A LACK of physical evidence, particularly black box recorders, has hampered investigations into the MH370 disappearance, with authorities declaring it "an accident" on Friday.
After months of a multi-nation search for the aircraft that crashed into the Indian Ocean in March, Malaysian authorities officially declared the 239 on board dead.
While hopes of finding survivors from the crash were long since dashed, the declaration sparked a fresh round of grief and disappointment from families of passengers.
Malaysian Department of Civil Aviation director-general Azharrudin Adbul Rahman said the seven-nation search had "pursued every credible lead" but the search had not located the missing aircraft.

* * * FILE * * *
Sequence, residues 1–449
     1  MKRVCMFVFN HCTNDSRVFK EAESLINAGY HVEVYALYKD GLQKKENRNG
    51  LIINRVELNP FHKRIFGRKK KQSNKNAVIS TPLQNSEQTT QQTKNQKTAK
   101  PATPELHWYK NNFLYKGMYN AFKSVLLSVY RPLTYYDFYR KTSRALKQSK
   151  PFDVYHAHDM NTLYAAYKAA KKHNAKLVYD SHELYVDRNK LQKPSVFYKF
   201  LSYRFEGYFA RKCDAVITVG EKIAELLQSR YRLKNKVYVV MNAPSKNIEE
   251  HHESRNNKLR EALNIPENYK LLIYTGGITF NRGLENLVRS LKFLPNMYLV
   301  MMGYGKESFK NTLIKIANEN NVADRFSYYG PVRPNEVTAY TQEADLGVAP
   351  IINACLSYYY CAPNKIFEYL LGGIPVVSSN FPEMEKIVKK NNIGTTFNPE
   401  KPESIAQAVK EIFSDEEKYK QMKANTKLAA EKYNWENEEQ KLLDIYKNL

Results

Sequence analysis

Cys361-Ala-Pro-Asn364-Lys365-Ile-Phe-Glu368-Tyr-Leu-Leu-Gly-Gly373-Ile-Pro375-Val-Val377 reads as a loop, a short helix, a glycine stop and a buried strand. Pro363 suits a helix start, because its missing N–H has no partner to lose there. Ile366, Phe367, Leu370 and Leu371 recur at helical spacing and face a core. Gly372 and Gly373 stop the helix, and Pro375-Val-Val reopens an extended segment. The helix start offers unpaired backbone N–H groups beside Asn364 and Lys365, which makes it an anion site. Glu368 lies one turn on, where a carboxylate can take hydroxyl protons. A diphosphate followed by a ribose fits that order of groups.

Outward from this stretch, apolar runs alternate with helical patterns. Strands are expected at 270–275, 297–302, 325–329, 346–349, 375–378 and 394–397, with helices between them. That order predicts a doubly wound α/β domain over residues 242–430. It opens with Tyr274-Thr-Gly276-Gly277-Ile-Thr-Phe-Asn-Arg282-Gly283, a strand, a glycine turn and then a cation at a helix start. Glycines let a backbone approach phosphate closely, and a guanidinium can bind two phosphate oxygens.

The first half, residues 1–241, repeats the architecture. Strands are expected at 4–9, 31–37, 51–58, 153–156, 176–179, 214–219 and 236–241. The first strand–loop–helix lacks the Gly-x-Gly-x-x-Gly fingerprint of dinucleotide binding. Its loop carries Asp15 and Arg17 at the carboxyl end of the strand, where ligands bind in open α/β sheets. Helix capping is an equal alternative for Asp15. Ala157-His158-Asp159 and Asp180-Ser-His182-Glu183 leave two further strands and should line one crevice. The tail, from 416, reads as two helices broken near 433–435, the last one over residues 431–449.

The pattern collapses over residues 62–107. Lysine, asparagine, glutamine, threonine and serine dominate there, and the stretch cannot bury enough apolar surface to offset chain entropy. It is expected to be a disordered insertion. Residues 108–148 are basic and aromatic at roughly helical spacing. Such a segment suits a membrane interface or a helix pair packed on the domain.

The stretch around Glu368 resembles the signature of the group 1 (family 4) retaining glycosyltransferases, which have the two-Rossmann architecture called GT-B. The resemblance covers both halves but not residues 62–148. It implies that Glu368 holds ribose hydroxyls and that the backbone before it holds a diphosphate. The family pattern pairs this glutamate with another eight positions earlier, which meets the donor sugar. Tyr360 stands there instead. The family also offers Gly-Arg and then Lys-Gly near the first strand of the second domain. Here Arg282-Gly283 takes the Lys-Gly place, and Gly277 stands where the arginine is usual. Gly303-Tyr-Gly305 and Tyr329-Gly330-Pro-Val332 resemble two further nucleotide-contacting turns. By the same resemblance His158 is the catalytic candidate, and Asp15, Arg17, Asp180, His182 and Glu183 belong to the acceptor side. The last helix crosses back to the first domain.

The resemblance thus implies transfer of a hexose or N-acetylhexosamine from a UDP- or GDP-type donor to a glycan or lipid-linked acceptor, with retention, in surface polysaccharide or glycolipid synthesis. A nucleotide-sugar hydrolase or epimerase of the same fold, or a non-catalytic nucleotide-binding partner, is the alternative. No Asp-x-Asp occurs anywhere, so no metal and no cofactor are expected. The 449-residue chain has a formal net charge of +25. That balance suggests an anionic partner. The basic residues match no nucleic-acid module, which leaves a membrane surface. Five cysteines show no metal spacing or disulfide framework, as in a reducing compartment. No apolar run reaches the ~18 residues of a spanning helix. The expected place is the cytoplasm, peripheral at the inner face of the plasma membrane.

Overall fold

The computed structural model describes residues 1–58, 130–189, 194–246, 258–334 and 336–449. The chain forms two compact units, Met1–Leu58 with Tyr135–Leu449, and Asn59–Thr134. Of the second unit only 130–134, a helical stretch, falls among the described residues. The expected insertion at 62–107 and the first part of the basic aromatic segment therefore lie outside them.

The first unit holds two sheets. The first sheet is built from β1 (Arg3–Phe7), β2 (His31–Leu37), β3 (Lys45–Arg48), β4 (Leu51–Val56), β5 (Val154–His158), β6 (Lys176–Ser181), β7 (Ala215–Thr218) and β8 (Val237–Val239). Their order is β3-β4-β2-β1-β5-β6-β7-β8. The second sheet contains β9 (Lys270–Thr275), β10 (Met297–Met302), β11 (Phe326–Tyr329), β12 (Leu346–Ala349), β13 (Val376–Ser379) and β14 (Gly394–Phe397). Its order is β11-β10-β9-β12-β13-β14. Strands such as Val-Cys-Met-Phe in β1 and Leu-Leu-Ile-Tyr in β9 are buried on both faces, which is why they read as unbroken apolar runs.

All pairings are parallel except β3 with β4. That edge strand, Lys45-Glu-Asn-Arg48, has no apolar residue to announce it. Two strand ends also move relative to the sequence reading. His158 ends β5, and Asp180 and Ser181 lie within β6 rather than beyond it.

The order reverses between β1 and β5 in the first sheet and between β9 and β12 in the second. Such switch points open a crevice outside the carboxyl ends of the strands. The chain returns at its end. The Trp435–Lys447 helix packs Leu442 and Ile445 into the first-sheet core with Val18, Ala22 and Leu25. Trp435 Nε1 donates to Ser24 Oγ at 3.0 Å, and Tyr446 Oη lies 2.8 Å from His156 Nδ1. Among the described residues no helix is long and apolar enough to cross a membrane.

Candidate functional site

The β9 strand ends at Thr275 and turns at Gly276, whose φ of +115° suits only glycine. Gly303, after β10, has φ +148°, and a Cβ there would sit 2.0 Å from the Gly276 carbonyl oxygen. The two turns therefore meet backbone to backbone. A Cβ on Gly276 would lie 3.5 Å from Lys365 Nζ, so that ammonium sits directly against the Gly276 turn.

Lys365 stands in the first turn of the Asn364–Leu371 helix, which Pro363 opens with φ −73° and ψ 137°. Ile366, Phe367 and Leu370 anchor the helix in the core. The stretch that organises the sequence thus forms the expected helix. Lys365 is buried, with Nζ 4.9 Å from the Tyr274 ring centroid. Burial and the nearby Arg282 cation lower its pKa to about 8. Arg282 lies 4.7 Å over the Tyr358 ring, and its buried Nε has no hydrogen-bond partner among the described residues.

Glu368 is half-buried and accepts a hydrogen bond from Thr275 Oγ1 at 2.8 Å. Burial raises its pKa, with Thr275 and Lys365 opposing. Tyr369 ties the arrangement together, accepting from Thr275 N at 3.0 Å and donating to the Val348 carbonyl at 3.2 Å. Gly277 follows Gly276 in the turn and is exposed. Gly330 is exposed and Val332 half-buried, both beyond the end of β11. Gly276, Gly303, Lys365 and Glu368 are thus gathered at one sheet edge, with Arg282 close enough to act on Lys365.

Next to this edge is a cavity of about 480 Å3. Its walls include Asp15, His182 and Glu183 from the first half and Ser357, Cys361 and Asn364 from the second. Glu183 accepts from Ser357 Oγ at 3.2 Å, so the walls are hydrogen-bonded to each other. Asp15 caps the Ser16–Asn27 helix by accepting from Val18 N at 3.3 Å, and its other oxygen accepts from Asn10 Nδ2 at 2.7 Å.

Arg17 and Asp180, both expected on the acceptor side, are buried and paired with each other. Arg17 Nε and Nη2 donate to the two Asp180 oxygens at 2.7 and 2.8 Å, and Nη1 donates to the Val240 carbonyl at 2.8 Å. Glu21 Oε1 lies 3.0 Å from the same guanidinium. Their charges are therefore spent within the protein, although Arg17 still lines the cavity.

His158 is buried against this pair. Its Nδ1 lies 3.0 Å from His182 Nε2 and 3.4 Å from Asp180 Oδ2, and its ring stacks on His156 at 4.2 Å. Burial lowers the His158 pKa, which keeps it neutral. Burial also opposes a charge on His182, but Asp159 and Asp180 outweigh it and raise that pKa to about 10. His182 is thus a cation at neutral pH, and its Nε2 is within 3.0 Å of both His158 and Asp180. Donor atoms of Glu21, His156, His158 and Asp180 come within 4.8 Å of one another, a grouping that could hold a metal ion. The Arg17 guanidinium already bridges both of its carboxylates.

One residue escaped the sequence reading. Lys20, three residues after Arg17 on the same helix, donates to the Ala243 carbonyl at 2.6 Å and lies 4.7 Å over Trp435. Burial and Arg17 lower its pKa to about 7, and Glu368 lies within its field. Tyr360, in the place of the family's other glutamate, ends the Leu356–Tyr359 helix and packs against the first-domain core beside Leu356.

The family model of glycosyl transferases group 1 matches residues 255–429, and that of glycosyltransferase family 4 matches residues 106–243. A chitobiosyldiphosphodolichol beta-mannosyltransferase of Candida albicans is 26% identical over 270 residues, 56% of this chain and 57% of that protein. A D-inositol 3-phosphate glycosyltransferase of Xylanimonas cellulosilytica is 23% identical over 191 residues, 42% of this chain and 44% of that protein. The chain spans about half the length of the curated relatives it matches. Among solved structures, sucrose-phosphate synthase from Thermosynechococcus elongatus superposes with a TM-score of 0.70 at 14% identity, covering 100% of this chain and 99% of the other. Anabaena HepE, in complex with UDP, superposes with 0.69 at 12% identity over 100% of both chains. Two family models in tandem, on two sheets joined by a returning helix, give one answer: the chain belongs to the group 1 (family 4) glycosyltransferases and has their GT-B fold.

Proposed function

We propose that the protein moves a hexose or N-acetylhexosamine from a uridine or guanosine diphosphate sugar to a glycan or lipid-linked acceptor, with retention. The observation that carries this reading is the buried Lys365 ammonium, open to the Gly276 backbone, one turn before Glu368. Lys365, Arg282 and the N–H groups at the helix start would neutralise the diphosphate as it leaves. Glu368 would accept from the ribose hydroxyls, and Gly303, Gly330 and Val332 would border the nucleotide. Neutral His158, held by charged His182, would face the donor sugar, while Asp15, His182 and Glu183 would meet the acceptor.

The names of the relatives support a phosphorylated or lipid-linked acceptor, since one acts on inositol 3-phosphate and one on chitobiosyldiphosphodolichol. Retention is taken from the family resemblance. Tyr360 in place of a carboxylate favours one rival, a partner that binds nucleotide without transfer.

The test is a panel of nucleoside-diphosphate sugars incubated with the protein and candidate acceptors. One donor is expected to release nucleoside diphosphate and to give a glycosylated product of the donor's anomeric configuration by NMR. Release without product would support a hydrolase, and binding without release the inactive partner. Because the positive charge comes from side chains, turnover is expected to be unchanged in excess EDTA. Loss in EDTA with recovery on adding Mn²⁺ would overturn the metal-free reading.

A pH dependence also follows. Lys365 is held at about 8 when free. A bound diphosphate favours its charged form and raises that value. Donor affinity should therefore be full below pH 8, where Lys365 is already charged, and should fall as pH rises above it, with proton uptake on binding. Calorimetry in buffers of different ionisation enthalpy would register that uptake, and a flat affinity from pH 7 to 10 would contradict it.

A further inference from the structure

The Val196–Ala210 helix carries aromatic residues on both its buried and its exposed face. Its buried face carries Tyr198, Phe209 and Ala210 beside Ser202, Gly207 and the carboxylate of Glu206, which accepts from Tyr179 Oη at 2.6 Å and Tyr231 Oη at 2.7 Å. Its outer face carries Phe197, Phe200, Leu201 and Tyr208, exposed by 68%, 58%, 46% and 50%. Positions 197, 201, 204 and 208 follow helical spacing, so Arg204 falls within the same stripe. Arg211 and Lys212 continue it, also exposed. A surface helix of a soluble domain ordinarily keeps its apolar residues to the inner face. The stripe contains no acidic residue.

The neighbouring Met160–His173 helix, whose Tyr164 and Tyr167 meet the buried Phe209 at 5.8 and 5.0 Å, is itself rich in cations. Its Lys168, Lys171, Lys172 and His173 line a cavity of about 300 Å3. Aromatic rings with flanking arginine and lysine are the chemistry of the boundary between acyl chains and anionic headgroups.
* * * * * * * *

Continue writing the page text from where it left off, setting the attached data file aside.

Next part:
"After 327 days and based on all available data ... survivability in the defined area is unlikely," he said.
Mr Rahman said it was "with the heaviest heart and deepest sorrow" that he declared the flight an "accident" in the absence of evidence, and those on board "presumed to have lost their lives".
Despite the declaration, a statement from the Australian Government said it remained "committed to the search".
The focus in Malaysia will now turn to compensation for the families of those on board the aircraft.
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